Image Credit: Ramachandra Babu/©Gulf News

Today marks the beginning of Ramadan, when the word’s 1.6 billion Muslims will be fasting for 29 or 30 days, abstaining from food, drink, nourishment and physical relations from dawn to sunset.

Growing up, I had many fallacies about Ramadan. To me, it was simply about starvation and deprivation. Then, with all my myths demystified, I understood that this momentous month was an incredibly special and a deeply spiritual time for Muslims all over the world. I now look forward to Ramadan because there are myriad lessons that Muslims and non-Muslims alike can learn from it.

Prophet Mohammad (PBUH) said the most beloved person to God is the one with the best manners. Ramadan is a time when Muslims strive to exhibit increased morality and profound magnanimity and this brings together people of all faiths and cultures. Morality at an individual level is about embracing justice, compassion and tolerance towards all people. At a communal level, it is about being a responsible citizen and contributing to the overall good of society. While these precepts are inherent in Islam, they also resonate with core universal values.

The Quran states that the ultimate purpose of the fast is to ‘attain piety’. Sawm, the Arabic word for fasting, literally means ‘restraint and self-control’. Abstinence from fulfilling physical desires is a catalyst for self-discipline and it is through this that a Muslim practices noble manners and good speech. Ramadan is a time of spiritual reflection; Muslims are required to filter out bad habits that have become part of their character over time. Research shows that habits are usually formed in about 21 days. Aristotle said: “We are what we repeatedly do.”

In addition, Muslims dedicate themselves to the worship of God and seek His forgiveness. Fasting also inculcates the qualities of empathy and compassion towards those who are less fortunate than us and who may be suffering because of poverty, famine and inequality. For example, when a fasting person feels the pangs of hunger and thirst, they evoke a sense of fraternity, solidarity and social responsibility because it encourages Muslims to be charitable. At the same time, it reminds them of the shared responsibility to treat others the way they themselves wish to be treated.

During Ramadan, Muslims reflect upon and appreciate the blessings they have in life; basic necessities like food and water that are sometimes taken for granted. As writer Cynthia Ozick said: “We often take for granted the very things that most deserve our gratitude.”

The spirit of Ramadan is about being gracious. Despite this, there seems to be a demise in graciousness across the world and this is plaguing religious and non-religious societies alike. The important characteristics of tolerance and selflessness are scarce. This is perhaps a consequence of the rampaging materialism that may have taken over our lives, compelling us to succumb to our desires and plunging us into a state of spiritual deprivation. Muslims are not only required to curb their appetite, but also to refine their character by taming the soul and purifying it from diseases and traits such as arrogance, selfishness, dishonesty and intolerance.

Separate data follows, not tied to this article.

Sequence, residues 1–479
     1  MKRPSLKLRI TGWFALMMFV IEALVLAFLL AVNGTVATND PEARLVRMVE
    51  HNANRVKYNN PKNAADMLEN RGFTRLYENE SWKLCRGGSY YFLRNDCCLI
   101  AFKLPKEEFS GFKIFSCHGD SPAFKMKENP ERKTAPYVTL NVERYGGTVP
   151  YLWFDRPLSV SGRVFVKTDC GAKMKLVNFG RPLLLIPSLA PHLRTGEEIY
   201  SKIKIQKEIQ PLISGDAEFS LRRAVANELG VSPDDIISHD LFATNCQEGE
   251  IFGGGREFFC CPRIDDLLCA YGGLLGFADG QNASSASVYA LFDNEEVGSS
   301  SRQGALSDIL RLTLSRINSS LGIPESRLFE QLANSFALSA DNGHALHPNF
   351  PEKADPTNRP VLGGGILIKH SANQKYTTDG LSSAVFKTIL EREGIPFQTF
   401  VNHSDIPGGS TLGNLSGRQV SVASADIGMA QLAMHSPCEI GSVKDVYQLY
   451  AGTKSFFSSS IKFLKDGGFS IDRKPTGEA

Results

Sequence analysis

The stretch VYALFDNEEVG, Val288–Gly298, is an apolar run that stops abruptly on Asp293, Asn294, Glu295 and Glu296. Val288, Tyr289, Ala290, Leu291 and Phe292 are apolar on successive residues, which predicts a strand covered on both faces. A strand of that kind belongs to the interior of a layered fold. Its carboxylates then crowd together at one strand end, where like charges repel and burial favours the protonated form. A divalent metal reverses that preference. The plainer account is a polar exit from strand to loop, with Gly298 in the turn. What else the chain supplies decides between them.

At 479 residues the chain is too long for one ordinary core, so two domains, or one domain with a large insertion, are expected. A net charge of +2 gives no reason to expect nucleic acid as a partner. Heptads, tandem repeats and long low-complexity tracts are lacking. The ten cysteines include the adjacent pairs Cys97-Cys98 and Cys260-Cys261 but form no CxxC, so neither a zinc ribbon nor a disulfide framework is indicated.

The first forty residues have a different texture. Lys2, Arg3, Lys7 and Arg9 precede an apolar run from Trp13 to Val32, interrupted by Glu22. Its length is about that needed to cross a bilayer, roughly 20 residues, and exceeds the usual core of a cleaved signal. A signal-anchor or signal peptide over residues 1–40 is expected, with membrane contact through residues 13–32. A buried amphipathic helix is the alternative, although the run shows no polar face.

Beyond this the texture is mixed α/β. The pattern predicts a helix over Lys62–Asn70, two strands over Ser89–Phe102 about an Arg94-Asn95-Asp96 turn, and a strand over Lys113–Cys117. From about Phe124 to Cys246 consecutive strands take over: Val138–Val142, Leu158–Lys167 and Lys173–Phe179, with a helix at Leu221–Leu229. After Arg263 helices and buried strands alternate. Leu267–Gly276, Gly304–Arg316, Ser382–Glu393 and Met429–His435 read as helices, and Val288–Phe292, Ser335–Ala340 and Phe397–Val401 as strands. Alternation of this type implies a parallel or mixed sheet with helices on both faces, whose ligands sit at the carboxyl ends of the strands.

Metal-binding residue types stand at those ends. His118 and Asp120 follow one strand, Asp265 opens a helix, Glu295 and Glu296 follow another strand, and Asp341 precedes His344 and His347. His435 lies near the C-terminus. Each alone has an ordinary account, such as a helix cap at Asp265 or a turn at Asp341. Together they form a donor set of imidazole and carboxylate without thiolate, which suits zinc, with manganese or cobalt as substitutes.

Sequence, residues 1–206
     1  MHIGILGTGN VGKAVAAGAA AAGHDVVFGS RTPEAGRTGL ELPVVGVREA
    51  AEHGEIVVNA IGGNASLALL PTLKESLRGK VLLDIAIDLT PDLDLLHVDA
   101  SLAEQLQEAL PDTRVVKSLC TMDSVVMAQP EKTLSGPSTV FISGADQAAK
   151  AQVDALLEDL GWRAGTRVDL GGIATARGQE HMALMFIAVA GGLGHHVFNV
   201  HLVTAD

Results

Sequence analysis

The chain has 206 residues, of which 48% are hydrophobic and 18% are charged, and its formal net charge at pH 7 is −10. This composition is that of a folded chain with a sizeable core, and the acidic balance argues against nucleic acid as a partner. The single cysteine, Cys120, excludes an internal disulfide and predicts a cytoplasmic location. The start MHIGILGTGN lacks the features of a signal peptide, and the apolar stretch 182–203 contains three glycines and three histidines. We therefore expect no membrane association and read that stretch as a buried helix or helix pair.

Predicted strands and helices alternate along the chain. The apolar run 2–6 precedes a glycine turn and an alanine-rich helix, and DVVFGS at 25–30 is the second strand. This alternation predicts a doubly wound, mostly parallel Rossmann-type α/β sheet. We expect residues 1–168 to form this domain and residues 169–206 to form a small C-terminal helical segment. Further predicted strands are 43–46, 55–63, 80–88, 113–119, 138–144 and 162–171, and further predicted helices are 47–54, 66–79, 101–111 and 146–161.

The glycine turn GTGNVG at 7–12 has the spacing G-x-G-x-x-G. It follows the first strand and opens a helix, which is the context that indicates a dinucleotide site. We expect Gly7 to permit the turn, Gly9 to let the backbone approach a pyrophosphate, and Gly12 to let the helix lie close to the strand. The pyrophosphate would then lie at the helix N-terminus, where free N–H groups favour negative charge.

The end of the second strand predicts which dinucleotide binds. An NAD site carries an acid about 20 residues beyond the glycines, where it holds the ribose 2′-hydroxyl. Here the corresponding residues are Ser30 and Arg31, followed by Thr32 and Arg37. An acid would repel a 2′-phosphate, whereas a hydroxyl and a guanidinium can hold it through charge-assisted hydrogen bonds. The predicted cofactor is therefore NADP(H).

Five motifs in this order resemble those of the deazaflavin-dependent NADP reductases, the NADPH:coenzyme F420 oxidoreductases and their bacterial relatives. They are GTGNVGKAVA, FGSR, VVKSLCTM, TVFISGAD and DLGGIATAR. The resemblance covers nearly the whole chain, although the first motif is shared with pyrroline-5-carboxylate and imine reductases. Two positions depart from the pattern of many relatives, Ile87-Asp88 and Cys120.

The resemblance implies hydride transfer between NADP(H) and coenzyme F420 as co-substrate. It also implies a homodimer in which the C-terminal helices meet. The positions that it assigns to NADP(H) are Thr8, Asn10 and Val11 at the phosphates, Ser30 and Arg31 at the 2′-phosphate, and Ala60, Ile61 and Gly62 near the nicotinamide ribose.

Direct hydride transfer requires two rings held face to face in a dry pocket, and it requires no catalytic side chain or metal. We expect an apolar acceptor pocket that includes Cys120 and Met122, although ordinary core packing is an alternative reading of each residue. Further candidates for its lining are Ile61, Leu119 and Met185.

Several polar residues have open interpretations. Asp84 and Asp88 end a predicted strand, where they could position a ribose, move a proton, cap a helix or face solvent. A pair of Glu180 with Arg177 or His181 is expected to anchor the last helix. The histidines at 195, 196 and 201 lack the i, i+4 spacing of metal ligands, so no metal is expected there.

Islam is inclusive in dealing with human beings. There is profound emphasis on the soul because it governs the actions of the body. A scholar once said: “The heart is the king of the limbs and the rest of the limbs are its soldiers. If the king is righteous, the soldiers will also be righteous. Similarly, if the king is corrupt, his soldiers will also be corrupt.” Ancient philosophers also believed that the mind, body, heart and spirit should work in harmony. In addition, Plato is credited with saying “... the part can never be well unless the whole is well”.

For some people, faith is a remote and abstract entity and does not necessarily have any bearing on the outer character. However, the Quran consistently describes true believers as those having faith and performing righteous actions. Hence, adhering to the five pillars of Islam and having faith should be interwoven with outward morality.

In our post-modern society, we sometimes lose the spirit of building positive relationships with people. We tend to be oblivious of the fact that everything we do has an impact on others — while we have freedom, we must not forget that this comes with responsibilities. Ramadan, makes Muslims conscientious about the way they treat others, it thus reminds them of the significance of sacrifice and putting others before self. But sadly, our inexorable contemporary lifestyles have made us very self-centred. With a lack of concern and compassion for others, this not only weakens the foundation of a society but is also against the precepts of the teachings of Islam. Prophet Mohammad (PBUH) said: “The best of people are those who bring most benefit to the rest of mankind.”

While many people around the world continue to suffer from senseless conflict and violence, this sacred time should remind Muslims of their common obligation to pursue justice and peace and uphold the dignity of every human being regardless of faith or culture.

If Ramadan is about having an impact on people’s inner qualities, then this should be an outward manifestation of integrity, kindness, generosity, honesty, morality. More importantly, it is about how we treat others.

Sajda Khan is a British writer researching for a PhD. You can

follow her on Twitter at www.twitter.com/ @SajdaKhanuk